BENGALURU : Many professionals are complaining about burnout, loss of sleep and excessive use of screens which has taken a massive toll on their physical and mental health. Here’s how some companies are dealing with digital fatigue
As work from home came to be called as the new normal, people across the globe were pushed to embrace a digital transformation. In the IT industry, professionals are bound to spend long hours in front of the screen to cater to the needs of their clients. However, many are complaining of burnout, loss of sleep due to excessive use of screens. This is affecting them mentally and physically.
“As IT professionals, we have to constantly monitor data and check our client’s mail to meet the daily target. To reduce screen time, our manager urges us to schedule breaks in equal intervals of time,” says Rajshekhar Choudhury, a data analysis engineer at Bosch.
“Our company has a fitness club and various sports activities for the employees. My colleagues and I often go cycling to keep our mind calm. This helps us in combating digital fatigue,” he adds. Joyjit Bhattacharya, a senior IT professional, says, “Our company encourages us to take an hour-long break every day so that we can interact with our colleagues and find time for recreation. The company also conducts yoga classes once a month to keep a check on our mental health.”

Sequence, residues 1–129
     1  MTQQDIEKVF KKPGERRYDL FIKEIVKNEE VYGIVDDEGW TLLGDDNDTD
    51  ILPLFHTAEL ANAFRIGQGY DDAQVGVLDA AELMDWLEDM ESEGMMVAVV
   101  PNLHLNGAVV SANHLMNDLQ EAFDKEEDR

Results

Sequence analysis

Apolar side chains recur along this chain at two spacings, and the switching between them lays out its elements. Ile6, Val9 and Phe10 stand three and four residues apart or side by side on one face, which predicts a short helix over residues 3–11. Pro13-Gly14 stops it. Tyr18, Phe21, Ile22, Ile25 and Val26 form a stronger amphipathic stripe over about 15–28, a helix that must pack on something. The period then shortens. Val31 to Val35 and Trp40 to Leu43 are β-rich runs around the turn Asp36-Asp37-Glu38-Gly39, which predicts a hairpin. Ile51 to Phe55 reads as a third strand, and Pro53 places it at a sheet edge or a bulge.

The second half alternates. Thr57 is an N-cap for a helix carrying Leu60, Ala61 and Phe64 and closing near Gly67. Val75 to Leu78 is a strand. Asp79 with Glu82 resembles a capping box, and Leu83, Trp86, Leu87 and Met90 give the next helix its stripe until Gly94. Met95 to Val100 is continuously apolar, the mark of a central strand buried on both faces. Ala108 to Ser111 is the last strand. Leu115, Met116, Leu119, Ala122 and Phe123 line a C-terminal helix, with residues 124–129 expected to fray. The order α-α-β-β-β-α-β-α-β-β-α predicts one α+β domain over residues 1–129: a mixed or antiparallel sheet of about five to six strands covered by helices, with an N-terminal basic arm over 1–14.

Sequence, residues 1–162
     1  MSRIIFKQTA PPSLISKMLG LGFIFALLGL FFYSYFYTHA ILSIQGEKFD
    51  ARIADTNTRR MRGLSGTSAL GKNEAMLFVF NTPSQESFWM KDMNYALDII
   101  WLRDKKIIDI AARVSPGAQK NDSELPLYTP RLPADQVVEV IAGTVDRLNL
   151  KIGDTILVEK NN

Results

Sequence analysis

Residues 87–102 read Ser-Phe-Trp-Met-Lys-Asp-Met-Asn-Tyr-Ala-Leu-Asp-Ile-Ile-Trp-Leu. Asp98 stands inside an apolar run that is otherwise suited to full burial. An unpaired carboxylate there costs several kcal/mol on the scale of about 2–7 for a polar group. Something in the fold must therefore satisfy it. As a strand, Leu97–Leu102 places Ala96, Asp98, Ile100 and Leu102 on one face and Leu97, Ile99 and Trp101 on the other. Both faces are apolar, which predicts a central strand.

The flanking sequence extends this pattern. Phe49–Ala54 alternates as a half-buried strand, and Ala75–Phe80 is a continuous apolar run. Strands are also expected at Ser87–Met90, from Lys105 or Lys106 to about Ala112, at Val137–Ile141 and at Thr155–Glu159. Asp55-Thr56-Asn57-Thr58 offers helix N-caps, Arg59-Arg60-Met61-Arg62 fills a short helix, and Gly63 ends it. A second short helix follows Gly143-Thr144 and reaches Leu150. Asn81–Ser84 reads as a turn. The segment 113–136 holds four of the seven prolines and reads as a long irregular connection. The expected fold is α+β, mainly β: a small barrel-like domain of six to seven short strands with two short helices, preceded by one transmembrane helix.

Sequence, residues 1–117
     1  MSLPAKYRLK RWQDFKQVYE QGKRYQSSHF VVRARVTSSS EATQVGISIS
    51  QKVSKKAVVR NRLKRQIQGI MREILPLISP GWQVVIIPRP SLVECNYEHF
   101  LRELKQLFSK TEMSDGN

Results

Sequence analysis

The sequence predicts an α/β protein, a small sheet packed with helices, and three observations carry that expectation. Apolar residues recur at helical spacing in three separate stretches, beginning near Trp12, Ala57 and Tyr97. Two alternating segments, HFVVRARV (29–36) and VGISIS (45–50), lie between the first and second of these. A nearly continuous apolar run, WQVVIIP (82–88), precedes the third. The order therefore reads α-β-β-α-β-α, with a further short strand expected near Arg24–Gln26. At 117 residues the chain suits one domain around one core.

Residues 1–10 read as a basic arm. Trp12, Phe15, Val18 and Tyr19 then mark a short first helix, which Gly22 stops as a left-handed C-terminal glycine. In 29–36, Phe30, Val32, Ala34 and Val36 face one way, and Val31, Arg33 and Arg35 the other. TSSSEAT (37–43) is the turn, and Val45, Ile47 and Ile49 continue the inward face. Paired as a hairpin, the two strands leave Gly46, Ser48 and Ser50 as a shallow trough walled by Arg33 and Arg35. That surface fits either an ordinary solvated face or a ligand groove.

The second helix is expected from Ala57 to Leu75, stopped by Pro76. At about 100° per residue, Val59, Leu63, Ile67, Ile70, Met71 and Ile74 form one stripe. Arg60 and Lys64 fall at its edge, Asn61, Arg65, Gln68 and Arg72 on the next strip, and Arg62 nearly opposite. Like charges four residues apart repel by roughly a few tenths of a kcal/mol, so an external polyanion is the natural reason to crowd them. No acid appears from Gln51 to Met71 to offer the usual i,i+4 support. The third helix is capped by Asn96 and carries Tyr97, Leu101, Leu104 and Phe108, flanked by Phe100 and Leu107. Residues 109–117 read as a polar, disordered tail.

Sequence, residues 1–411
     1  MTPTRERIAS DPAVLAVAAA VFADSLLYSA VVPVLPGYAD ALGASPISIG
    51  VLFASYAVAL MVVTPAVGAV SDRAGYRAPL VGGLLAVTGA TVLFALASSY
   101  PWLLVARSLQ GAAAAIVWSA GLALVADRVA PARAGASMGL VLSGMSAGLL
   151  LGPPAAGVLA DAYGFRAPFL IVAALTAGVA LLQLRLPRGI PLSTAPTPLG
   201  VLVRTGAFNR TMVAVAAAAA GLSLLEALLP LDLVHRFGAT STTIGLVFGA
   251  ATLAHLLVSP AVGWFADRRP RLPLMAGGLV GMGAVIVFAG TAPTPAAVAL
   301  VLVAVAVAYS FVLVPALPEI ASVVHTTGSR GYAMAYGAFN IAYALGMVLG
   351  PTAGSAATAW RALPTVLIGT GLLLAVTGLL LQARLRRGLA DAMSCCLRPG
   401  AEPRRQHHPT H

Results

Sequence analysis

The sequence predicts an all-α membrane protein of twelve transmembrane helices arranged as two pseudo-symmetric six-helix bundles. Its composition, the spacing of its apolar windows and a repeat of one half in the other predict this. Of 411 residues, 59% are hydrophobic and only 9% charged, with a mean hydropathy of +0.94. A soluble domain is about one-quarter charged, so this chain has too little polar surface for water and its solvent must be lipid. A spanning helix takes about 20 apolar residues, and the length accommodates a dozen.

Companies are also working towards extending support to their employees by introducing techniques and recreational activities to tackle mental health issues in these unprecedented times. “Sitting for long hours in front of the screen causes problems in positioning. We were introduced to ‘ergonomics’ which helped us maintain the correct posture during hectic working hours. The office hosted a few talk shows where we could interact with renowned psychologists and express our concerns.
It also held musical evenings for recreation,” says Sudipto Roy, a product manager at Tata Consultancy Services. While technology is all around, whether at work or at home, it is important to refrain ourselves from using digital devices all the time. “We’re so much more connected today than we could ever have imagined. It is now possible to make ourselves immediately available to anything that needs our attention but the work-life boundary has become ambiguous,” says Anindita Adya, clinical psychologist at Heart It Out. She adds, “It has become necessary that we learn to clearly communicate our boundaries with our co-workers, highlighting our working hours and availability. It’s important to be aware of and learn to recognise the early signs of burnout.”